In High as the Heavens, Evelyn Marche grew up in Britain to a Belgian family.  After losing her husband during the early days of World War I, Evelyn returns to her family’s hometown, landing herself directly in the path of the German army.  She soon finds herself leading the nurses of a German hospital in Brussels, while serving as part of the Belgian resistance.  When British Captain Simon Forrester’s plane crashes in the middle of the city, Evelyn risks everything to preserve his identity and top-secret papers.  With the Germans intent on proving Simon to be a spy, he is forced to trust Evelyn with his survival and finding a way out of Brussels.  Together, they look forward to the day that they might dare to return to the dreams they once had before the war.

Ms. Breslin shares this intriguing story of World War I spycraft, delving into the fascinating perspective of the Belgian resistance and their work with the British Secret Service.  Fans of World War I-era stories will definitely want to check out this fascinating novel!

Overall, I found High as the Heavens to be a very unique novel.  Previous to reading this book, I had not encountered one focused on the Belgian perspective during World War I.  Personally, I would have greatly appreciated some additional context, as I was quite unfamiliar with the locations, people, and events described in the novel.  Even some additional description in an author’s note would have been very helpful to provide this kind of information.  While the characters were interesting and relatively well developed, I thought that the writing style and pacing of the story dragged at points, especially toward the beginning.  However, I’m sure that someone more familiar with this period and geography would have been much more comfortable moving more quickly through the story.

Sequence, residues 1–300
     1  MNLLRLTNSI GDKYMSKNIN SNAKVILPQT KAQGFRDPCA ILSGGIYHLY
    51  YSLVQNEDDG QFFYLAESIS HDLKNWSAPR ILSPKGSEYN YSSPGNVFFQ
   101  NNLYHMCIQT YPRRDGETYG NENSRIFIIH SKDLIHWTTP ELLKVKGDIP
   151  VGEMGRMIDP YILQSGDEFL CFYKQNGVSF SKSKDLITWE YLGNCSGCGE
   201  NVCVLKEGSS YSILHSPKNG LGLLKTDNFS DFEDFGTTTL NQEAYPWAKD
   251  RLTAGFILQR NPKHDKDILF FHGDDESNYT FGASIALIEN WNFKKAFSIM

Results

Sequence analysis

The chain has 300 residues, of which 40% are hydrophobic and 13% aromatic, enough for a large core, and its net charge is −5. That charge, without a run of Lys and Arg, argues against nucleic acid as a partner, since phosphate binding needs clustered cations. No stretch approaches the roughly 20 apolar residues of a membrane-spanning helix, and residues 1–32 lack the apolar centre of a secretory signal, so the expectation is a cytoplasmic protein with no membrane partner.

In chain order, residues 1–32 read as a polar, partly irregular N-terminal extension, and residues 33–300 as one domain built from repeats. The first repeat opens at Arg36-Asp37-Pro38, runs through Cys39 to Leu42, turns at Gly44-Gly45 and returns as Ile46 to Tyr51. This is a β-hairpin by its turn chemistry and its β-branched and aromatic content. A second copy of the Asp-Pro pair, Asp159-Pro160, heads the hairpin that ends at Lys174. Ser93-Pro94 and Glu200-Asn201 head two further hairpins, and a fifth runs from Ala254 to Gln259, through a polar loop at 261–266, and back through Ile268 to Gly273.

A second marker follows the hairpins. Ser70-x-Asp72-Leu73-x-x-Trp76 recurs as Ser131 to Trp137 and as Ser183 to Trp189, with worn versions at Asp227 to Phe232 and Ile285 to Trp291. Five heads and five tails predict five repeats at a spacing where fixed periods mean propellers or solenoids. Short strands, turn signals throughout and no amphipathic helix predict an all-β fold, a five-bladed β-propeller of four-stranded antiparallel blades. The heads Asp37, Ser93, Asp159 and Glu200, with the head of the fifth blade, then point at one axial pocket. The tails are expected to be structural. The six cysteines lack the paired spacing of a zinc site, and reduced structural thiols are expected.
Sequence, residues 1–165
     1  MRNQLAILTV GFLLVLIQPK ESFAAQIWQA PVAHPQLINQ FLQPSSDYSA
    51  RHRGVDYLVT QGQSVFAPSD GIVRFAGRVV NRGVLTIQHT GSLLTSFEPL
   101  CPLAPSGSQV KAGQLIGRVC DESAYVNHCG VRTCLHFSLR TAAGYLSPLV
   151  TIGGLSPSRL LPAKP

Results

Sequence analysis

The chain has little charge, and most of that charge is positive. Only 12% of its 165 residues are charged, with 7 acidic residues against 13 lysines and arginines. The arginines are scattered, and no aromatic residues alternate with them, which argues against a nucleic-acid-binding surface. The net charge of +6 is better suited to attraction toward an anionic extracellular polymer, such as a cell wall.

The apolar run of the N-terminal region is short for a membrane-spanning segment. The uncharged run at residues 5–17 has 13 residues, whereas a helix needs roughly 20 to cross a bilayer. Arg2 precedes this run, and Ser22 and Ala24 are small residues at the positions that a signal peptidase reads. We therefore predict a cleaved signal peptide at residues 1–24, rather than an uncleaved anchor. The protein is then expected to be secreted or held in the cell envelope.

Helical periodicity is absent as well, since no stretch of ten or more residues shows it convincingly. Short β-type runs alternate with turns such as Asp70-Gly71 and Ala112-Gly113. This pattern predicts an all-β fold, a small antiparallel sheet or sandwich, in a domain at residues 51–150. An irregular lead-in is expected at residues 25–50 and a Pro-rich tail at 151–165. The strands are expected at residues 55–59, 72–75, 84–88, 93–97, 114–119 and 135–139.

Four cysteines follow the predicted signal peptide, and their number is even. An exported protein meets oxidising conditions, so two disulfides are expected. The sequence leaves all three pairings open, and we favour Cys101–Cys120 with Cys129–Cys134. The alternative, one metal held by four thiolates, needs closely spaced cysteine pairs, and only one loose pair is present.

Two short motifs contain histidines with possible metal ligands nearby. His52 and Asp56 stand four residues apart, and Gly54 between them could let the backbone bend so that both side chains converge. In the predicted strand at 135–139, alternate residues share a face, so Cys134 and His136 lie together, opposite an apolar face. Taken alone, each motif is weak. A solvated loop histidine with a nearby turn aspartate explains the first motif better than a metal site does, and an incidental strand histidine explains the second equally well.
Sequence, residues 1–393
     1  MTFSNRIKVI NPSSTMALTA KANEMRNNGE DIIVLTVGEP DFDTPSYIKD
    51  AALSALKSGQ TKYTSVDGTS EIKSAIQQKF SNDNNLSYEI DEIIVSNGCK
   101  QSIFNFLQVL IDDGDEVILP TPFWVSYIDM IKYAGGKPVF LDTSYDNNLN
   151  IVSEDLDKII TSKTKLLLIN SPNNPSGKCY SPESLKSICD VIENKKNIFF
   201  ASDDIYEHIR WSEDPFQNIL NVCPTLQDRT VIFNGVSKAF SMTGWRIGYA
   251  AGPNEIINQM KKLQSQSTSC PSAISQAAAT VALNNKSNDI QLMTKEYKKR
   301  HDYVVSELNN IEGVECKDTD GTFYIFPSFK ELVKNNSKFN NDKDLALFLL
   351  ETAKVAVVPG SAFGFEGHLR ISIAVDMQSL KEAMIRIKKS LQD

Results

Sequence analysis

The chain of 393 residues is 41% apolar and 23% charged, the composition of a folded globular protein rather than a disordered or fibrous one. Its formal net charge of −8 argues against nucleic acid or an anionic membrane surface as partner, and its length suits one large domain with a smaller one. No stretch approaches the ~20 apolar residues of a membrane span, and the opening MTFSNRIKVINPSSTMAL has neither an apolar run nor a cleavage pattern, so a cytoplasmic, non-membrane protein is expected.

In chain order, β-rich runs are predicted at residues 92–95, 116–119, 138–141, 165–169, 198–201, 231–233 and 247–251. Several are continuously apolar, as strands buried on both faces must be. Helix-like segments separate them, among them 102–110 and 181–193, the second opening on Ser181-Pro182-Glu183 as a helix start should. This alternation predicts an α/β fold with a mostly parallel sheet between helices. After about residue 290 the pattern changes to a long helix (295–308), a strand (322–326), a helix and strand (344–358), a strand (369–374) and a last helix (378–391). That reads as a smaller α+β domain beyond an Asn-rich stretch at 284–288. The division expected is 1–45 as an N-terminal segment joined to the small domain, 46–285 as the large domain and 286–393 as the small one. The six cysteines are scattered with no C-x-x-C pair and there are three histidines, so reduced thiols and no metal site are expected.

Fans of Kate Breslin’s other novels would definitely enjoy reading High as the Heavens.  Likewise, those with a particular interest in World War I would also find this to be well worth reading.

Special thanks to NetGalley and Bethany House for the promotional copy of High as the Heavens!

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Review: A Name Unknown – Roseanna White

Roseanna M. White. A Name Unknown. Minneapolis, MN: Bethany House Publishers, 2017.

Reading a new series is always a risk.  Even for a much-loved author, a new series offers an entirely different set of characters, settings, and situations that may be more or less appealing than their other stories.  However, I also find it to be a great opportunity to see an author’s growth as a writer.

Ms. White releases the first novel of her new Shadows Over England series with A Name Unknown.  In the months before World War I, Peter Holstein faces suspicion due to his German heritage.  As the British monarchy considers changing their family name to something less German, Peter must also prove his loyalty to England.  In an effort to justify his land holdings and citizenship, he hires Rosemary Gresham to find the family documents in his chaotic and disorderly library.  Unbeknownst to Peter, Rosemary arrives on his doorstep with ulterior motives.  She has been hired as a known thief to masquerade as a librarian to determine Peter’s allegiance to either England or Germany.  As Peter and Rosemary work together to find the family’s history, Peter’s activities behind locked doors raise suspicion.  However, the truth of his past and present activities may just be the key to his and Rosemary’s future.

A Name Unknown offers an intriguing storyline with a combination of romance, suspense, and humor that will delight fans of Christian historical fiction.  Rosemary, Peter, and the story’s other characters provide a fascinating perspective of the months leading up to the start of World War I.